(b) By the elimination of grade crossings. Much attention has been given the subject, and vast sums of money have been expended in eliminating grade crossings. On the main lines east, there is not a main road crossing in Allegheny County. The nearest main crossing to the Union Station on the Eastern Division is at Dixmont, 9 miles out; on the Panhandle Division at Crafton, 6 miles out; on the Allegheny Valley Division at Verona, 10 miles out; on the West Penn Division at Sharpsburg, 6 miles out (the one at Millvale is about to be eliminated); and on the Pittsburgh Division (Monongahela River Line) at Homestead, 7 miles out. In fact the only serious interference between the lines of this system and highways occurs at 28th Street and Liberty Avenue, Penn Avenue and Smallman Street, and also at Railroad and Pike Streets where the tracks are now used for serving industrial plants only, these tracks having been formerly the main tracks of the Allegheny Valley Railroad, now a part of the Pennsylvania System.
(c) By the construction of additional main line tracks and also connecting lines between the various Divisions as described on page 20. Prior to the construction of any of these connections, all traffic, both passenger and freight, between the "Lines East" and "Lines West" passed through the Union Station Yard, and either by the Panhandle bridge over the Monongahela River or the Fort Wayne bridge over the Allegheny River.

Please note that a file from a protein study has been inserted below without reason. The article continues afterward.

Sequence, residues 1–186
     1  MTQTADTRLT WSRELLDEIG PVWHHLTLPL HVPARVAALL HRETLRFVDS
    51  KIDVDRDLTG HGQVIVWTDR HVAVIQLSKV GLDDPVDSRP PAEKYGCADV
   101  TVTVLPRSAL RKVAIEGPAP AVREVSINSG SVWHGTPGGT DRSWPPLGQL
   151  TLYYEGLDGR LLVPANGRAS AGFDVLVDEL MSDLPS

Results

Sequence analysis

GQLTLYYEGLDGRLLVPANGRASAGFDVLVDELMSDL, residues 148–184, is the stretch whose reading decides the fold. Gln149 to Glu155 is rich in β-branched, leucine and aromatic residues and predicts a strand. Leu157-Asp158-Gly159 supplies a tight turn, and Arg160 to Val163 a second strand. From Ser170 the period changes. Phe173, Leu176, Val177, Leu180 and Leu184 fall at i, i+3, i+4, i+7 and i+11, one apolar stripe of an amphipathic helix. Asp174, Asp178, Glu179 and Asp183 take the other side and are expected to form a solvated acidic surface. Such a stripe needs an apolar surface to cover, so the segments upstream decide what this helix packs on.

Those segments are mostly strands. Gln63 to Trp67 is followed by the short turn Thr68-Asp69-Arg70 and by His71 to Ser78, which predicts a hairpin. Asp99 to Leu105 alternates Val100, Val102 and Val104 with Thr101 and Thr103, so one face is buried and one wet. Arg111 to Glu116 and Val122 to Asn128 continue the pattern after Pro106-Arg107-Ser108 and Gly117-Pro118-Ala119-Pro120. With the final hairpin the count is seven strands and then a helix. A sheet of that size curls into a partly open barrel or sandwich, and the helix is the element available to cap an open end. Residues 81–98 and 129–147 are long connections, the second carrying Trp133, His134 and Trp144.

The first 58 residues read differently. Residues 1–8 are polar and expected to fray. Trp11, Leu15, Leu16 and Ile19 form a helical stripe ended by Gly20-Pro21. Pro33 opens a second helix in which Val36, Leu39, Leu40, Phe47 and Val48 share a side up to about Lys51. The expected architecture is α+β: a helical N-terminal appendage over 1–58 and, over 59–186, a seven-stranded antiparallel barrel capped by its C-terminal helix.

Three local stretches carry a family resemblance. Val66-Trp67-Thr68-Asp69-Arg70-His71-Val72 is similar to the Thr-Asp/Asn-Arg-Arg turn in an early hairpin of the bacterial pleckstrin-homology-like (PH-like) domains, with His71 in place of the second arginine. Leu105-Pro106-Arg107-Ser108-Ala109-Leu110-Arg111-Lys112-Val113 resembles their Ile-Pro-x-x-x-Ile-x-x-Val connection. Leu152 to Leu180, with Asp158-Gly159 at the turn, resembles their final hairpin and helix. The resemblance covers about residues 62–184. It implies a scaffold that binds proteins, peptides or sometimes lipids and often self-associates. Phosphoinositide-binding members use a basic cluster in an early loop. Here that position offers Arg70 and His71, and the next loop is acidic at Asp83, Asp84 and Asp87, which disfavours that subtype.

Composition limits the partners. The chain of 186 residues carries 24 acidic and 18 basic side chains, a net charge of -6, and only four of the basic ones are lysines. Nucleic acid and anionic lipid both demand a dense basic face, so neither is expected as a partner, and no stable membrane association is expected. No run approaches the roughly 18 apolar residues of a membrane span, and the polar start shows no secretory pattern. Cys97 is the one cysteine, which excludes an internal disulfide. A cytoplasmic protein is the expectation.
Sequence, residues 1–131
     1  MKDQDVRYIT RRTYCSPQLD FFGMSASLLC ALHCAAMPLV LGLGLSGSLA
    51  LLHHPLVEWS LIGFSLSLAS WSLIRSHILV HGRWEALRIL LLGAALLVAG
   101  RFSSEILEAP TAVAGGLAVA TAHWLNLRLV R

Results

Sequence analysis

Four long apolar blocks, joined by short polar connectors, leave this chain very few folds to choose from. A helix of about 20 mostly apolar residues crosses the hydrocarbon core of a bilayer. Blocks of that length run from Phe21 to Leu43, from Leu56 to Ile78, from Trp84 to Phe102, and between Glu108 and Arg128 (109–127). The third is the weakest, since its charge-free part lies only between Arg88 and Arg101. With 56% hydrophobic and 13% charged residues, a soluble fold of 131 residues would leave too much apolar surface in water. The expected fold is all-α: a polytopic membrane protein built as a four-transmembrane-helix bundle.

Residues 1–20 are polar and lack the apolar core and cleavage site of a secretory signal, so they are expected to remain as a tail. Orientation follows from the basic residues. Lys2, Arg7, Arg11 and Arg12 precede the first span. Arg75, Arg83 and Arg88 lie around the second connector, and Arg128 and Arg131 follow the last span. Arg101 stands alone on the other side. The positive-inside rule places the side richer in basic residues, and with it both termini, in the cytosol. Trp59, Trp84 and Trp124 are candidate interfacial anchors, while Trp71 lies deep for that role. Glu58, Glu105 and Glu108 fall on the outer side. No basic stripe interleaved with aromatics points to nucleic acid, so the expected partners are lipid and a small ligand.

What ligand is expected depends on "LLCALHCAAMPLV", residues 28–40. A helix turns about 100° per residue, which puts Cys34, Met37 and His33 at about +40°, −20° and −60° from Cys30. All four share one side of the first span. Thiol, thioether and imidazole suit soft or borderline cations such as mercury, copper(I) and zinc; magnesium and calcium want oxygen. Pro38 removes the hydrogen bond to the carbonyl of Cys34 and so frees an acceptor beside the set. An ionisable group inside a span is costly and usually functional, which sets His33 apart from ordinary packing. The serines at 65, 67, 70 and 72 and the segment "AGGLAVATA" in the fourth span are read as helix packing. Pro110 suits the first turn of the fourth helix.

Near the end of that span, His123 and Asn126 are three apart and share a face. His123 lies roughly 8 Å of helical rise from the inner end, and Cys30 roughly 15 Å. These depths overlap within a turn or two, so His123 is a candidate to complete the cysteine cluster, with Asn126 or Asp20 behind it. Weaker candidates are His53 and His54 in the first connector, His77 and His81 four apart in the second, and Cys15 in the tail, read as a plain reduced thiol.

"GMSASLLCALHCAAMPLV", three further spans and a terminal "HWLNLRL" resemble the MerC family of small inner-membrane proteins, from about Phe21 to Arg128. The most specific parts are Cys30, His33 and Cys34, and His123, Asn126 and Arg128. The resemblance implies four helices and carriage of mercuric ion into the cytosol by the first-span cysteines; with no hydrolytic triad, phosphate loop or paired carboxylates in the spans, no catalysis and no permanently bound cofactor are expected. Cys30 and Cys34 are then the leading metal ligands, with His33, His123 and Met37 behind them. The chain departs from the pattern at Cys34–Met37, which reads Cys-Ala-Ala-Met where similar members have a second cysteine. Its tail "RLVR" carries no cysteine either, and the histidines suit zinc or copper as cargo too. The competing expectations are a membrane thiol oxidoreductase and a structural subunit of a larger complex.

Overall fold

The last of the connecting lines built was the Brilliant Cutoff. Since it came into use, the main tracks from East Liberty Station westward through Union Station Yard and across both the Allegheny and Monongahela Rivers have been free of freight movement except a small amount destined to or from the local freight stations within that territory, and the majority of passenger trains of the Conemaugh Division have been diverted from the tracks along the Allegheny River below Brilliant and Sharpsburg to the main line at East Liberty. Through freight from east of Blairsville, destined for the Northwest, leaves the Pittsburgh Division at Conpitt Junction and passes by way of the north bank of the Allegheny River. Freight from the eastern lines east of Braddock, destined for the southwest, passes along the south bank of the Monongahela River. The traffic between Blairsville and East Liberty destined for the northwest may go by the Brilliant Cutoff bridge, or follow the traffic to the south of the Monongahela and then on the Ohio Connecting bridge. The traffic from the Monongahela valley reaches the northwest system over the Ohio Connecting bridge or passes to the southwest system on the south end of the Panhandle bridge.